_"The net effect is that we had to find $40 million to cut from other space technology programs", Reuter said. That ultimately included LDSD as well as a project to study composite structures for use on the Space Launch System’s upper stage._
NASA is cutting funding for a Mars landing technology demonstration project by about 85 percent in response to space technology budget reductions.
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Characteristically clever of +SpaceX​: they've been quietly testing supersonic retro-propulsion, the core technology they hope to use to land humans on Mars, for years already. And they've been doing it right under our noses, as a side effect of the rocket launches they were doing anyway. They ran the tests as their rockets fell back through the zone of Earth's atmosphere that closely resembles Mars's atmosphere.

And it works, too. With it, they'll be able to increase by a factor of six the largest payloads we can deliver to the Martian surface, making a human mission feasible.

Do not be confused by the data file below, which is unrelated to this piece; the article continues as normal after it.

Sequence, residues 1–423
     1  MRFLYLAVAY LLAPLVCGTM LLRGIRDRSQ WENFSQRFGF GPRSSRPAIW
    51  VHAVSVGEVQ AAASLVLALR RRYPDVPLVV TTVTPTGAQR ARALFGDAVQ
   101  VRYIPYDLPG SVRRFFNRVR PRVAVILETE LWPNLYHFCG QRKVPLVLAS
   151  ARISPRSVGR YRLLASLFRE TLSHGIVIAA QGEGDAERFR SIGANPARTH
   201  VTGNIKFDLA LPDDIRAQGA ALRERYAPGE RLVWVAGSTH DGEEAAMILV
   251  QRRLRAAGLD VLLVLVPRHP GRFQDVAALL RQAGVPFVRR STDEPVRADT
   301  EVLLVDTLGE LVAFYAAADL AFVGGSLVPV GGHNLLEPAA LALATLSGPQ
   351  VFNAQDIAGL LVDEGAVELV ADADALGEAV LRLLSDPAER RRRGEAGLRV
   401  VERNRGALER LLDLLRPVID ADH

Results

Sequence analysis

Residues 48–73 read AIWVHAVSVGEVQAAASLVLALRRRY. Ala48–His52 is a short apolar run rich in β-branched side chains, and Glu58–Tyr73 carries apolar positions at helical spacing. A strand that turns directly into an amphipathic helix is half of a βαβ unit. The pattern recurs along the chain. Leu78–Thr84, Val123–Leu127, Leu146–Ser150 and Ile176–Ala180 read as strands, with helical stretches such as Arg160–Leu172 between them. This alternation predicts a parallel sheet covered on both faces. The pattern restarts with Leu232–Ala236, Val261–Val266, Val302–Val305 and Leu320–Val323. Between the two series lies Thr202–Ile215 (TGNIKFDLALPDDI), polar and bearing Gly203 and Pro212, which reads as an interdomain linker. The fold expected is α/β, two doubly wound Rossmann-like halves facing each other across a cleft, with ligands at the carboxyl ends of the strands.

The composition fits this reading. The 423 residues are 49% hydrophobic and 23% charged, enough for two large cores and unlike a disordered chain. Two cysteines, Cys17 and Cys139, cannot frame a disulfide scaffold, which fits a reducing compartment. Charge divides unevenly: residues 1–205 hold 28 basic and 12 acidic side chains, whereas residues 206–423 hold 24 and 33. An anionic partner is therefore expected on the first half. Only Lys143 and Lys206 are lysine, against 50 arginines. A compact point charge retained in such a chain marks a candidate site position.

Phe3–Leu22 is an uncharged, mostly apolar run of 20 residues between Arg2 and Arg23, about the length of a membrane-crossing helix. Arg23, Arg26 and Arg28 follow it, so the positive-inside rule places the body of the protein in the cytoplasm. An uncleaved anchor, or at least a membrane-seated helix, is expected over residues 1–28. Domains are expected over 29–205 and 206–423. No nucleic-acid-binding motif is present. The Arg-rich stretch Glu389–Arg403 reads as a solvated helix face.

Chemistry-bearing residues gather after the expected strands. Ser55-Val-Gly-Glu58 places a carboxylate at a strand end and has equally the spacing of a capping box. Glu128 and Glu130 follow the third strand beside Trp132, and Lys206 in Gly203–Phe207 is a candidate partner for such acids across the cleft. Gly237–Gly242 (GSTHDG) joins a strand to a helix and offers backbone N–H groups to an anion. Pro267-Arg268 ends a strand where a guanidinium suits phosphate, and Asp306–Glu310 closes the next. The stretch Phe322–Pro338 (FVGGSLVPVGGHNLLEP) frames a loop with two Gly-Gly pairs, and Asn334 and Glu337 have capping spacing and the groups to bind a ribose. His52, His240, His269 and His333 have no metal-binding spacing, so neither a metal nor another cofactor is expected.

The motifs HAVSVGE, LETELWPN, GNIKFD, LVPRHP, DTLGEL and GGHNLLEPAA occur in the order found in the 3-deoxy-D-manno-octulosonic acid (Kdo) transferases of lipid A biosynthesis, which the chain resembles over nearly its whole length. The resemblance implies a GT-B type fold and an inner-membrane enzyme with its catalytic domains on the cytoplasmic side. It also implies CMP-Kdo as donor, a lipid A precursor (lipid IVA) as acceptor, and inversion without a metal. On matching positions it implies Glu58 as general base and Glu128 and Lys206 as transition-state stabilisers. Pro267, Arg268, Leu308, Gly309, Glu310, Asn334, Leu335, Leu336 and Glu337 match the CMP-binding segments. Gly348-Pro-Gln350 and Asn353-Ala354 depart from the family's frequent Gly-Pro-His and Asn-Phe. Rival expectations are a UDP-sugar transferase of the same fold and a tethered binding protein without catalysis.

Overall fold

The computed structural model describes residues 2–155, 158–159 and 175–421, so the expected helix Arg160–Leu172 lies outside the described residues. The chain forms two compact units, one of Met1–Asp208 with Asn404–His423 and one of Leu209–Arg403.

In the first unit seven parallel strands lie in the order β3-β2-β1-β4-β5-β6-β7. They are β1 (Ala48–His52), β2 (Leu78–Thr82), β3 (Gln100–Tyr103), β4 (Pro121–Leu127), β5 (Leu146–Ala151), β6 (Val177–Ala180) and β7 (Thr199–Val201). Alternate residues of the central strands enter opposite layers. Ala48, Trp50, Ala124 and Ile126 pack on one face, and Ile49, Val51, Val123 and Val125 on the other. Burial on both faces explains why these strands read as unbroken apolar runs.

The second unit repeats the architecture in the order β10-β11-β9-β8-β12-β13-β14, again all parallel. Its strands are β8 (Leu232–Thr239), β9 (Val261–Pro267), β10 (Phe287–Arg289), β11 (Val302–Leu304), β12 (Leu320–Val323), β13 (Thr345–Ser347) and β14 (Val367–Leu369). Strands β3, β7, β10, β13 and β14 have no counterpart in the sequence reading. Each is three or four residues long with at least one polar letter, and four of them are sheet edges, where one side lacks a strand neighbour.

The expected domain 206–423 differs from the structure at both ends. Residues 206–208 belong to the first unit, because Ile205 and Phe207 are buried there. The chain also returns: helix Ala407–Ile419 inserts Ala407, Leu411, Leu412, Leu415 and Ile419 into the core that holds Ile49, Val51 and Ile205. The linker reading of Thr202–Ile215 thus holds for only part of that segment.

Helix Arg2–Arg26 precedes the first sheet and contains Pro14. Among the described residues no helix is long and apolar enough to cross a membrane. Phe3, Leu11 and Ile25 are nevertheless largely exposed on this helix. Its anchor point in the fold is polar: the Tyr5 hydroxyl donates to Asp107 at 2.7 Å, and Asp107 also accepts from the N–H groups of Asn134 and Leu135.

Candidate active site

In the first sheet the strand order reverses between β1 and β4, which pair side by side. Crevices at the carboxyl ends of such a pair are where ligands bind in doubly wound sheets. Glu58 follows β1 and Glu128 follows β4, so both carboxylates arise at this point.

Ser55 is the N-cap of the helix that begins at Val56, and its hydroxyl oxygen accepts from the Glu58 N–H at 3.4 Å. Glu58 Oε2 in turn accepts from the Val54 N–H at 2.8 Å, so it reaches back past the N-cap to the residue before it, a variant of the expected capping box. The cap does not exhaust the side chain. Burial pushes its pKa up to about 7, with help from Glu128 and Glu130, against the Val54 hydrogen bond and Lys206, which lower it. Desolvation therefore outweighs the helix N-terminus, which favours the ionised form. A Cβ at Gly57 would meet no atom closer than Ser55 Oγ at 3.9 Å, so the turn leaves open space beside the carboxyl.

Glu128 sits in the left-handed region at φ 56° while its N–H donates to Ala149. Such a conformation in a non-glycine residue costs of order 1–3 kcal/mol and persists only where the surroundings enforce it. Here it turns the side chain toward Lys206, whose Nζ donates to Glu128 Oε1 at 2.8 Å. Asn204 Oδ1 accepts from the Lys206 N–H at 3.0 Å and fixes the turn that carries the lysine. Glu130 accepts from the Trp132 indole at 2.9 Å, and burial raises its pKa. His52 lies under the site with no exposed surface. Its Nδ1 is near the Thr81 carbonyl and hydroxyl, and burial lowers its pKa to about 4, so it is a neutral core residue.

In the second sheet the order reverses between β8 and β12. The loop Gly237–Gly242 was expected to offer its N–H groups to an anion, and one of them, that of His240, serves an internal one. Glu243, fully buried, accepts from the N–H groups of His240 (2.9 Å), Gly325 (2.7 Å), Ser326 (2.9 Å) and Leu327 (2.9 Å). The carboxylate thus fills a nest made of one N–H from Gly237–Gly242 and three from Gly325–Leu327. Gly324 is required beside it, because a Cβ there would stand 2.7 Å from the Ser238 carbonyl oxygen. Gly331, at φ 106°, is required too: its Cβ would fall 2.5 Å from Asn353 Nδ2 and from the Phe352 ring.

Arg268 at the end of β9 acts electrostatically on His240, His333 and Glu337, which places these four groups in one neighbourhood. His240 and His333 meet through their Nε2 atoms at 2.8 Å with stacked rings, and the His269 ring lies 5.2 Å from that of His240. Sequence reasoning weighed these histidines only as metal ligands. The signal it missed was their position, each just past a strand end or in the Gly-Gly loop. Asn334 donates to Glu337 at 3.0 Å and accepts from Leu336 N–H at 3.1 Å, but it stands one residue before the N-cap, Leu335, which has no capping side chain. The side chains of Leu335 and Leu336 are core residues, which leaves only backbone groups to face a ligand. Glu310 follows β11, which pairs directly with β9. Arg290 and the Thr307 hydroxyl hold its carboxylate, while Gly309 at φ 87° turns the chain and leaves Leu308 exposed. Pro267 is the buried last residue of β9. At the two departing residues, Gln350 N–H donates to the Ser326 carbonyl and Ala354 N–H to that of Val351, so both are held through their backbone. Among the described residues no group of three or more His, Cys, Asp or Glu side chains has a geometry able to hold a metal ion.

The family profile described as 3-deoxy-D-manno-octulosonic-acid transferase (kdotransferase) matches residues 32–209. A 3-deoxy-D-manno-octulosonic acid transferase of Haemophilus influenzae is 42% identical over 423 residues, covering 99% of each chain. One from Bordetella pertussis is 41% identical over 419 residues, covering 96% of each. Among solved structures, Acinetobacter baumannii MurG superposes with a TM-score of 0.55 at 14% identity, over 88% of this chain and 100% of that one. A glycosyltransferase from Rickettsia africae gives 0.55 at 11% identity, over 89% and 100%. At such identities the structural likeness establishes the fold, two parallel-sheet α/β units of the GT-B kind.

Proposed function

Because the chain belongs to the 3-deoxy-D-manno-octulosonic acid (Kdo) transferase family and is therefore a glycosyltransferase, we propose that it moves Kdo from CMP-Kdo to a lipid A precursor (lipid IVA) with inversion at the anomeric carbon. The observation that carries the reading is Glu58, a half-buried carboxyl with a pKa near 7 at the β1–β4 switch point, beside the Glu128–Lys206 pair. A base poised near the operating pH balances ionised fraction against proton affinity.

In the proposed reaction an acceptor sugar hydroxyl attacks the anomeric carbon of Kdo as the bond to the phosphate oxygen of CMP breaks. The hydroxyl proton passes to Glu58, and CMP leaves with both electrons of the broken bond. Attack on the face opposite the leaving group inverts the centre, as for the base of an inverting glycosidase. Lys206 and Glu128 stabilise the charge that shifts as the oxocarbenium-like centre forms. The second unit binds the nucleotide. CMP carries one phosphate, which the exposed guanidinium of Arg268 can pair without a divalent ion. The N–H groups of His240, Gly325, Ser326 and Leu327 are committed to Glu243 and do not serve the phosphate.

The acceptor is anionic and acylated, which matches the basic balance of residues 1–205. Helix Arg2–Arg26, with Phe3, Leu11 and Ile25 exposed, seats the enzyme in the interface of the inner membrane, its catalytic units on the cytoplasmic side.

No wonder NASA is so eager to work with them. Nicely done, folks. Nicely done.
Company has quietly tested Mars landing techniques with its first stage returns.
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+Chet Harris All right, then prepare to be made a fool of. <shrug>
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Here's what it's like to develop a Mars drill to penetrate deep into the planet for the first time -- not just a few centimeters, like past rovers, but tens or hundreds of meters. Those are the depths where you stand a chance of finding liquid water and, if it's there to find, extant life.
A compact, low-energy drill could go tens of meters below the Martian surface.
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Prague : architecture :: New Orleans : food. Discuss.

I am just overwhelmed by the beauty of this city. It's the kind of place where you can point a camera in any random direction, cover your eyes, and take the picture, and it'll come out great -- and yet I know I can never do this place justice. I hope some of its sheer gorgeousness comes through.

Oh, and: graffiti doesn't normally bother me; occasionally it's quite intriguing, and mostly I can take it or leave it. But in Prague, it should be a capital crime.

(Edit: Dang it, why aren't the pictures showing up below? G+, you have failed me. Well, click there anyway, and you'll see them.)
18 new photos · Album by Scott “marsroverdriver” Maxwell
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Prague's Museum of Communism is above a McDonald's. (See bottom right of poster.) Irony left as an exercise for the reader. :-)
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Even more fitting, IIRC it's also in the same building as a casino 
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Have him in circles